Through the overly praised system of mass incarceration, criminals remain criminals, less fortunate people remain less fortunate, and minorities remain oppressed. With an unjust system of mass incarceration, a large section of society is sent into an endless cycle of failure. Until the social justice system accurately addresses all people, the cycles will continue to loop.

Alexander, Michelle. The New Jim Crow, The New Press, 2010

"Racial Disparities in Criminal Justice" ACLU,                                   
disparities-               criminal-justice. Accessed 13 Apr. 2018

Rakoff, Jed "Why Innocent People Plead Guilty" The New York Review            plead-guilty/. Accessed 12 Apr.  2018 

Thompson, Heather. "Mass Incarceration in American and the                      Extraordinary Truth Of What Happens 
     Inside U.S. Prisons" Newsweek,           incarceration-america-unjust-suffering-inside-us-prisons-must-be-        exposed-621833. Accessed 13 Apr. 2018.

Monday, February 19, 2018

Continuing Evolution

Prompt: Write an essay that clearly argues your position on the extent to which racial prejudice has affected the American government over time.

      From a young age, it is natural for humans to develop opinions based on their surroundings. Ideas often stem from the people they surround themselves with and the environment in which they grow up in. Unfortunately, a variety of these ideas turn into over generalized misconceptions that impact the way one views the people around them. Stereotyping is very prevalent in modern day society, especially in the form of racism. Racial prejudice has played a major role in how the American government has been shaped, and transformed. As a result of preconceived racial prejudices, the American government system has limited the rights of specific groups of people, passed laws primarily based on race related concerns and discriminated against people based on their ethnic background. Therefore, racial prejudices have affected the American government system to a large extent.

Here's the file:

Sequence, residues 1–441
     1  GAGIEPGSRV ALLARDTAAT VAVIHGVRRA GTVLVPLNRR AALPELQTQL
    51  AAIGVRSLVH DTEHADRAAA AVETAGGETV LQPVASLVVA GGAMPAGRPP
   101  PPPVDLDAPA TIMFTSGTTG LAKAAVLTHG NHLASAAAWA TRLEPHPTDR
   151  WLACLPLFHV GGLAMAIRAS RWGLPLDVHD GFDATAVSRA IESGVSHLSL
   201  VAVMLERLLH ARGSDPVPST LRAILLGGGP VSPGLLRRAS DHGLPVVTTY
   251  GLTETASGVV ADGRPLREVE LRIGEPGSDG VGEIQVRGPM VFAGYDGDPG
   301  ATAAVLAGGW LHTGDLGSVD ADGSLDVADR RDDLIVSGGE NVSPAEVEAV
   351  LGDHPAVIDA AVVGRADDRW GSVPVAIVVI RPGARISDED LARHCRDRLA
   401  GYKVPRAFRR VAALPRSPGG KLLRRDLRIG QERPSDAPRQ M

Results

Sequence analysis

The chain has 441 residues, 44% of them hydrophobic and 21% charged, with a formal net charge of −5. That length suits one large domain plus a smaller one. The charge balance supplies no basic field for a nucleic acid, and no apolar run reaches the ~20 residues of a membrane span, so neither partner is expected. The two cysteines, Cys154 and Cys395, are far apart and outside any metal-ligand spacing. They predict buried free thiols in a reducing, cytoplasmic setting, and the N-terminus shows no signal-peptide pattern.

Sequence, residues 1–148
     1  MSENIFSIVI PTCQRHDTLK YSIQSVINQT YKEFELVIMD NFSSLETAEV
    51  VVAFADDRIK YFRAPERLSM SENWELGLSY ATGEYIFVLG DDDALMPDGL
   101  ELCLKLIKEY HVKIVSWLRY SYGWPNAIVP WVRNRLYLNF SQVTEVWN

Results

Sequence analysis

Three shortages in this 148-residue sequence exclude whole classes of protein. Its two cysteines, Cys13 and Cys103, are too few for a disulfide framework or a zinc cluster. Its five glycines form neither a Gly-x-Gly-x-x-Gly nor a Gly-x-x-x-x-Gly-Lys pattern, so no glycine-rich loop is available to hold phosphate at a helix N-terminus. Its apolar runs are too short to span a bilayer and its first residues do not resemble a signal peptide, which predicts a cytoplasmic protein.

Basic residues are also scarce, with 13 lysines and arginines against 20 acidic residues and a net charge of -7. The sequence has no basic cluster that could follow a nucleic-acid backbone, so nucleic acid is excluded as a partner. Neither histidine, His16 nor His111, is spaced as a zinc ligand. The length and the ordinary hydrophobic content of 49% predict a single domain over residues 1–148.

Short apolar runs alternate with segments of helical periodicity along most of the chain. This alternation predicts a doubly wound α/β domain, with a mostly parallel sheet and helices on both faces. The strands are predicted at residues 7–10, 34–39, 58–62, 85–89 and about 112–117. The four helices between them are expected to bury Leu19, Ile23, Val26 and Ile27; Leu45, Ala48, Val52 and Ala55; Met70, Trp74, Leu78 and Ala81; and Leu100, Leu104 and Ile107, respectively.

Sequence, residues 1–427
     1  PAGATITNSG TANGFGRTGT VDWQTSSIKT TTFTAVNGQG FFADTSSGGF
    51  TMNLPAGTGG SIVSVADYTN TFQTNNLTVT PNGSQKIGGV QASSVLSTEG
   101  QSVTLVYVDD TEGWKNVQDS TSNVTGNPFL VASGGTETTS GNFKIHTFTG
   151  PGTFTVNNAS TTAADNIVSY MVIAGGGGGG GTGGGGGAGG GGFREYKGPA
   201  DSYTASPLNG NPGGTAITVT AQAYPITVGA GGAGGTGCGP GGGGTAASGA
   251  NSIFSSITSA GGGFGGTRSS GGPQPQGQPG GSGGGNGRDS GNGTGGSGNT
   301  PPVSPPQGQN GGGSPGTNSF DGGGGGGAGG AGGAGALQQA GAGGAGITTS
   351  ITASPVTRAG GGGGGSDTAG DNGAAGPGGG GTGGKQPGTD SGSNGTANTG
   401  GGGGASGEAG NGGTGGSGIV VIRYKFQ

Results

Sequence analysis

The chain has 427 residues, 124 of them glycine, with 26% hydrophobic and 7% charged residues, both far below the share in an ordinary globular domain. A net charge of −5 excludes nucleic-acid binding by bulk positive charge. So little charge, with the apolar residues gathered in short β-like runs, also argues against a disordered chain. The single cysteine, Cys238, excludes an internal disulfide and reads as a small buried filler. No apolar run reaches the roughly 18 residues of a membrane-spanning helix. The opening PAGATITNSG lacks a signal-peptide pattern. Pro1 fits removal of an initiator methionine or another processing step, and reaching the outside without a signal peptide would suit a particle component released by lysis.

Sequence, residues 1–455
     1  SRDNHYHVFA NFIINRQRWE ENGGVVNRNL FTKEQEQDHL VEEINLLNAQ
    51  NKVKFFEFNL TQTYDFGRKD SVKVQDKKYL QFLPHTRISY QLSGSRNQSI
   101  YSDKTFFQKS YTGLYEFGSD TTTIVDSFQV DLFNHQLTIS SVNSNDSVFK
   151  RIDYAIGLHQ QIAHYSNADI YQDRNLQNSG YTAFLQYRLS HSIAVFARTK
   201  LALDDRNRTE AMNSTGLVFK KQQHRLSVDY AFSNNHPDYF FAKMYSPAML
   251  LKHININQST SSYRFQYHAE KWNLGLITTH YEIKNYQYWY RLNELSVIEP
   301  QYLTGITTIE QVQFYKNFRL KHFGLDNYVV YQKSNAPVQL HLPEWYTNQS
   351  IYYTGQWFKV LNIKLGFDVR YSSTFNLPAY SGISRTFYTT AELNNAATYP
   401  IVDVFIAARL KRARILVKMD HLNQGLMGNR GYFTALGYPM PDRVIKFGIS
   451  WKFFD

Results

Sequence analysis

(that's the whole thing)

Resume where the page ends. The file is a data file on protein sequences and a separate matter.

Because of generalizations about various minorities, the American Justice System often limits their basic human rights. Since the start of slavery, African Americans have experienced racial discrimination. After total abolition, legal discrimination became prevalent in American society. African Americans are often seen as violent because of generalized prejudices. As a result of these stereotypes, racial profiling can often lead to the death of African Americans. During routine traffic stops, police officers have felt threatened by the African American driver, even if they have done nothing wrong. Racial based fear has caused a variety of African Americans to be shot by police officers through out history. Angie Thomas explores this idea in The Hate U Give. The main character, Starr witnessed her childhood best friend, Khalil get shot after being pulled over. The officer was threatened by a black hair brush, that he thought was a gun. His uneasiness when approaching the situation ultimately caused Khalil's death. While many people argue that the officer could've felt threatened, the on going pattern of African Americans being killed by police proves otherwise. In the end, the officer who shot Khalil for a traffic violation was not accused of any form of misconduct. In many of these cases the officer does not face any consequences for murdering someone because of their pre existing fears. In the 21st century, racial based police brutality is easily documented. Similarly to Khalil in The Hate U Give, Philando Castile was shot by an officer after having a broken tail light. He showed no threat to the officer, but underlying racial stereotypes invoked unnecessary fear in the officer, ultimately leading to Castile's death. The American Justice System allows racist opinions to prevail in the minds of the officers who are supposed to protect society. Rather than protecting everyone, minorities are losing their lives to careless profiling. America's system of punishment often allows murderous officers to go back to their normal lifestyle, while the families of the deceased never receive justice for the race related death. Court rulings dealing with police brutality have caused the American government to shift their bias to those who are not minorities.